Mortar and Murder: Looking Back at the 2013 Dig #archaeology
As we seek relief from Rome’s sweltering triple-digit (F) temperatures, it’s a good time to look back at six weeks of fun, hard work, and intensive learning. Here are a few things that struck me, in my capacity as Project Coordinator, about the experience.
Low injury rate. During the course of a typical season we see a handful of cuts or scrapes that require on-site medical attention, as well as a lot of first-week blisters that exhaust the supply of band-aids in no time. This year we had only one cut, thankfully, and not even one band-aid was used.
Plot twists. We started out assuming that the Roman mausoleum in Area B was, at some point after the end of antiquity, transformed into a baptistery, which was subsequently re-worked to accommodate six tombs in the Middle Ages; two bodies were duly found in one of these tombs in the fall exploratory campaign. In the summer not even one additional burial was found in the tombs, while a series of burials was revealed just below the ground surface around the edge of the mausoleum. Proof that, in archaeology, assumptions are made to be modified and abandoned.
Gastronomic adventures. This year everyone looked forward to lunch, which was prepared and served at La Fraschetta del Borgo in Ostia Antica, a stone’s throw from the site. Solideo and the staff served up 23 tasty and abundant lunches, catering to all dietary needs, including prosciutto with cantaloupe, cold cuts and cheese, rigatoni all’ammatriciana, frittata (omelette), pizza, sausage with chicory, and chicken cacciatore with potatoes. The daily dose of gelato was especially popular.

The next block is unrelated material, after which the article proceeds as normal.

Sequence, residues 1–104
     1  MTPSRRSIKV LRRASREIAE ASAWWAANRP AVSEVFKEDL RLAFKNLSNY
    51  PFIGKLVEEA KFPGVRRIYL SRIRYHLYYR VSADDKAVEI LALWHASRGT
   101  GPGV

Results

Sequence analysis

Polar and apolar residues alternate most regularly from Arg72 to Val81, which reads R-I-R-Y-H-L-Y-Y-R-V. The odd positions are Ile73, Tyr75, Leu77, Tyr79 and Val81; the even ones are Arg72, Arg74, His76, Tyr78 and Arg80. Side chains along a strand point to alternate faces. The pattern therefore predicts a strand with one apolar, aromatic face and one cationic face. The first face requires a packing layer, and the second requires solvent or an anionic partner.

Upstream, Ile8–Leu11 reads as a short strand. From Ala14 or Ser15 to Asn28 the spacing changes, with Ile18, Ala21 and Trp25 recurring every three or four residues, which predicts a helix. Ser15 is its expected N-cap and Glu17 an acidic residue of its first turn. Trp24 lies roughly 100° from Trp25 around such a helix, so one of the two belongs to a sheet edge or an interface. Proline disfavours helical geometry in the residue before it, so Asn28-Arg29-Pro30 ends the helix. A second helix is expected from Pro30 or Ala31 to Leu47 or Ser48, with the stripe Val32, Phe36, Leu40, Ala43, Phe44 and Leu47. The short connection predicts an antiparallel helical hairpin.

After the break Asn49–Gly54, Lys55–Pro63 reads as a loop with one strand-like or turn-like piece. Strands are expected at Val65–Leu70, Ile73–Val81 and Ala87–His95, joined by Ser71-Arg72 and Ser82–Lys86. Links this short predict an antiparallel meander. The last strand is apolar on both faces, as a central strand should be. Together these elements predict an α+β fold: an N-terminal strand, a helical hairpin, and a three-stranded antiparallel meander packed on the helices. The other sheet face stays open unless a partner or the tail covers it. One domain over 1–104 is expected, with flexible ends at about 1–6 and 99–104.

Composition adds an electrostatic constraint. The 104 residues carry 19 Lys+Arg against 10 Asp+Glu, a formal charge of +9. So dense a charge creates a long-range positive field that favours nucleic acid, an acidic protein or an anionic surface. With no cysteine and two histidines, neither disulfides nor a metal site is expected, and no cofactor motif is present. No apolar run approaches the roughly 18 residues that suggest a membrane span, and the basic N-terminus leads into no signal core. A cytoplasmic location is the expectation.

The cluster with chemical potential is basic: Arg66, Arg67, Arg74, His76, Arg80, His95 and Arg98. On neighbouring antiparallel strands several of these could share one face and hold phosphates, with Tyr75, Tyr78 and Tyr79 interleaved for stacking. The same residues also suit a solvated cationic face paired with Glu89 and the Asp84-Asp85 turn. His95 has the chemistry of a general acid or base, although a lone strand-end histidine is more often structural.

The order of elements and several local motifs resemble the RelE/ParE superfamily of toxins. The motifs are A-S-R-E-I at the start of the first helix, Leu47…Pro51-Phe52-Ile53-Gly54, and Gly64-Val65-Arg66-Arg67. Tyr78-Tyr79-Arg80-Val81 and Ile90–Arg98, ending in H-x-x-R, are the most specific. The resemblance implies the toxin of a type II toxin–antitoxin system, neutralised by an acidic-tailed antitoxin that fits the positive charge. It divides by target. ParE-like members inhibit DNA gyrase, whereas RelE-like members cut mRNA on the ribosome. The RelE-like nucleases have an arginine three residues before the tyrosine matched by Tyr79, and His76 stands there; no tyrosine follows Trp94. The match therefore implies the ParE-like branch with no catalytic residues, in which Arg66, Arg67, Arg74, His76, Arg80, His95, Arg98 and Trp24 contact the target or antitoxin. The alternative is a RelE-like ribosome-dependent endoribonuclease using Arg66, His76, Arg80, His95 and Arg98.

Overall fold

Language lessons. Every edition of AIRC’s Summer Archaeological Field School involves bilingual staff, so you can always hear both Italian and English spoken on-site. This year’s Babel had a particular feel to it. There was the lilting British accent of our Welsh topography intern, Tim Penn. There was archaeologist Larisa (“Larry”) Criscenti’s elegant and studied English. There were the participants’ gung-ho attempts to learn Italian from field director Michele Raddi’s colorful diction. My favorite moment was the attempt to explain to our Italian colleagues the subtle acoustic distinction between “mortar” and “murder.” Two very different concepts, but both very useful in a Roman archaeology field school.